Tell us a little bit about the background of Sage, your childhood, how did you get into music; did you go to a music school or is it, self taught?
Well, I was born Barbara Ng’eno and I am number 8 of ten siblings. I started singing in church when I was about 5 years old. I had my first formal piano lesson when I was 9. I started writing music when I was 11 years old due to the death of my father and my inability to express it any other way. I grew up listening to a lot of contemporary gospel music and of course my dad’s favorites; LadySmith Black Mambazo, Classical music and Choir music. I always wanted to be an orchestra conductor but after high school I ended up meeting my producer and we have been making music ever since. I have played in quite a number of bands. The most notable one was my first band gig as a keyboard player and backing vocalist to Muthoni Drummer Queen aka MDQ. I also play the guitar (self taught) and in the process of learning how to better play the bass guitar.
What kind of music do you do, is it abstract, or what is it? Do you have a specific design 0r technique associated with your brand? Tell us about your creative process.
We call our sound Rhythmic soul because it has largely elements of RnB and Neo Soul but to be honest its pretty much a mix of a lot of things. The only technique I have is being 100% myself. My creative process is a very spontaneous one that is triggered by just about anything. I get inspired by a lot of things. I could be walking down the street and a song comes to mind and I have to record it on my phone. However in studio it varies between music I compose from home and tracks that my producer makes that he feels I could like. He is always right.
What are you artistic influences; artists, sculptors, designers or just people who inspire your music?
All people in the arts industry inspire me. Expressing yourself in a world that constantly demands for uniformity is a challenge but these brave souls do it any way. I also am inspired by life. Its complexity and simplicity make for a good story any day.
What challenges have you endured during your artistic journey, especially as a female artist?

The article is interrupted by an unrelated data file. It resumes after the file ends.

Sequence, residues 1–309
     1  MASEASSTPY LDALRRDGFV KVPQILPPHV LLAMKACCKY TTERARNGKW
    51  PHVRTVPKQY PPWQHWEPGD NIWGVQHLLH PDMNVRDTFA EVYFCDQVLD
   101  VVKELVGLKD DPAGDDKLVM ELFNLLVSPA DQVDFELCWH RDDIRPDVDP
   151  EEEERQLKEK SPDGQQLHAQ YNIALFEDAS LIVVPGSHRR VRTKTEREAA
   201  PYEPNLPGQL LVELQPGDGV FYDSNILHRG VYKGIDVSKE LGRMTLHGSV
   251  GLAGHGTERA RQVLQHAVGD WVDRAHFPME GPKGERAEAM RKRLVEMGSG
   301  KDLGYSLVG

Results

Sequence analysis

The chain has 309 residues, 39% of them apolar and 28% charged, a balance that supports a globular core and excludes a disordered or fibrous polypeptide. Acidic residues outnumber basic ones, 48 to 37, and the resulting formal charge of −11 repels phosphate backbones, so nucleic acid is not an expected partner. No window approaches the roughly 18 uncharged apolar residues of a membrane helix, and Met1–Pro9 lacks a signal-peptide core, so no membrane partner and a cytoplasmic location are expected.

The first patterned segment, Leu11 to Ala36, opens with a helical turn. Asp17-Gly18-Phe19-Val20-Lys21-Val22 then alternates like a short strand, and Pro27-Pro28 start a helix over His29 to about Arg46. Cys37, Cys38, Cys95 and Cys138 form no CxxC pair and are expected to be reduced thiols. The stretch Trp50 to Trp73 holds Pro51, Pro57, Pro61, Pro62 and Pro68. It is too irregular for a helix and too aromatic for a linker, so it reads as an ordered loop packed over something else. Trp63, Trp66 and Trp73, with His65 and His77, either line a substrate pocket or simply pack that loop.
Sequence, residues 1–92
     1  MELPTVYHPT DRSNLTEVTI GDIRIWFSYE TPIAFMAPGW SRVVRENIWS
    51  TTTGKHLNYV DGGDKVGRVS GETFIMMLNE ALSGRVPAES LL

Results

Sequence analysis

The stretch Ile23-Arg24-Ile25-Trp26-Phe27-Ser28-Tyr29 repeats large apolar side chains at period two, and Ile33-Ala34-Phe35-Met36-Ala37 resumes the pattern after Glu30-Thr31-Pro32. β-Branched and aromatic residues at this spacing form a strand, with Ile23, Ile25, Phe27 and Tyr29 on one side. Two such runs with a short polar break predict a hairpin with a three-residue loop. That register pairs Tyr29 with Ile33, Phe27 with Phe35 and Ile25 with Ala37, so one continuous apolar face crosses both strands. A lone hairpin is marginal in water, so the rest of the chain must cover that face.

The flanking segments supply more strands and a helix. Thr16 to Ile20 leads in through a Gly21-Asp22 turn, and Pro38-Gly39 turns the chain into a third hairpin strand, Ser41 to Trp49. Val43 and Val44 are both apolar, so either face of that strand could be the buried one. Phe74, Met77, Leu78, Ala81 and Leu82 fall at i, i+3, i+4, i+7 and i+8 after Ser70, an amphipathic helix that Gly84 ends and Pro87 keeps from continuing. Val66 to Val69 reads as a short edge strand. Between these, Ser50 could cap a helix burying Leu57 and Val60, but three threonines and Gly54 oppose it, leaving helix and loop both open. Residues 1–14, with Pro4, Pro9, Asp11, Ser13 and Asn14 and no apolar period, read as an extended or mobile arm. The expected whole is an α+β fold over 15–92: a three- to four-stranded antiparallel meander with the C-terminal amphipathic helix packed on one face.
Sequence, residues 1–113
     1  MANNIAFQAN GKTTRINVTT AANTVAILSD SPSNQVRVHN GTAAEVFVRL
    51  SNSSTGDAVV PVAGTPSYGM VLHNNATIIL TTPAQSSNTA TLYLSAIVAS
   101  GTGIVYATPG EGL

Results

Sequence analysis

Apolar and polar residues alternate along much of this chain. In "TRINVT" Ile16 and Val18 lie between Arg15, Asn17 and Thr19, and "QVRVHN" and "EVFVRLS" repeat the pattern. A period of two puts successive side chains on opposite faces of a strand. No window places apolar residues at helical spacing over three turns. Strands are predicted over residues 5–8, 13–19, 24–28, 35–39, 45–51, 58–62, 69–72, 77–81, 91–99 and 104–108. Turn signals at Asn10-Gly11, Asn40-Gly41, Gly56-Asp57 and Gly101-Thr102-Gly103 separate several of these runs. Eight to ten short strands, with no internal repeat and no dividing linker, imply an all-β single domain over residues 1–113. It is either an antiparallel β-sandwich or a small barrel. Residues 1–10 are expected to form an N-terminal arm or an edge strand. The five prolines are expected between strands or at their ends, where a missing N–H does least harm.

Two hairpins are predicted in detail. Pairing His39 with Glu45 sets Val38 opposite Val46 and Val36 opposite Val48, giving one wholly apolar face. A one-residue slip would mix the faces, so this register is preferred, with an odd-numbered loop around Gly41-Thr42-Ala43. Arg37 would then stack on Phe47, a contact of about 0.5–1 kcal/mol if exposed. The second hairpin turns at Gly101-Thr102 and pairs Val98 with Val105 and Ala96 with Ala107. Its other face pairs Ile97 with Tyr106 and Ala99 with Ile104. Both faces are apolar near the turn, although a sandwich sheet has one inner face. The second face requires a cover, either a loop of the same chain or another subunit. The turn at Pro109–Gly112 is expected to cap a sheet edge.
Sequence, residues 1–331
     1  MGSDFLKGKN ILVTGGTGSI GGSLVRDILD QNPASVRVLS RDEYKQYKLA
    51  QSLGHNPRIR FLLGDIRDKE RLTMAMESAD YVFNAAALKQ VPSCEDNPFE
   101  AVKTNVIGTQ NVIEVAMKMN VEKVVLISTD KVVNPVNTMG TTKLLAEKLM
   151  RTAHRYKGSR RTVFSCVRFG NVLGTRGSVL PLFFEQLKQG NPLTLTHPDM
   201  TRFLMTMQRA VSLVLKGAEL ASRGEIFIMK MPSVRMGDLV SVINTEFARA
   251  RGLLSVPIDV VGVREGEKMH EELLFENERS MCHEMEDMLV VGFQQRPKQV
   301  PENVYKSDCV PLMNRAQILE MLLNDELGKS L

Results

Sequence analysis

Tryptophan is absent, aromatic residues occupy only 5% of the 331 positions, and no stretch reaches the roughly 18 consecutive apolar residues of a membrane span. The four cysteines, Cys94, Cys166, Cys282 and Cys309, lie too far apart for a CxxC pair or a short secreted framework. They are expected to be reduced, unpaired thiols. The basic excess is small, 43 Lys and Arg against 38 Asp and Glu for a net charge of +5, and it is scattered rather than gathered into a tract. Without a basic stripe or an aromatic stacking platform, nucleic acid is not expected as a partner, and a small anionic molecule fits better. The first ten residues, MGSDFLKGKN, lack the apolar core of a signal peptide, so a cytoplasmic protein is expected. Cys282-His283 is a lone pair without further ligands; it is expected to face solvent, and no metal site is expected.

I think most of the challenges have been related to people not accepting that music is an actual job. People in and out of the industry do not respect the business of music. Musicians themselves do not treat the business side of music like a business.
If you had to change one thing in the Kenyan music industry what would that be?
I would change absolutely nothing. We are in a good place and in a time of musical revolution for the better so I just want to see the process in patience.
If you had a chance for an international work collaboration, who would it be and why?
The answer changes constantly but currently Chronixx. I have been listening to his latest album and I like his vibe. He is very authentic to himself which I like.
Do you have a favorite musical piece, your crown jewel?
If you were not doing music what you would be doing?
I always used to think I could never live without being in music ( okay maybe it’s true) but I am a science nerd. I would probably be an astrophysicist or some inventor or something. I would also maybe be in animation or film.
Where do you see Sage in the next 10 years?
I see myself happy and satisfied with the strides my music career has taken. I will probably be fulfilling a new path.
Word of advice to aspiring female artists?
Always be confident in yourself and do everything to excellence as a human being not just a female human being. Treat your music how you want people to treat your music.
Where can people buy your music/concert tickets/ or which clubs do you play in?
My music is available on iTunes, Waabeh, Spotify, Google Play, Amazon, BoomPlayer and Deezer.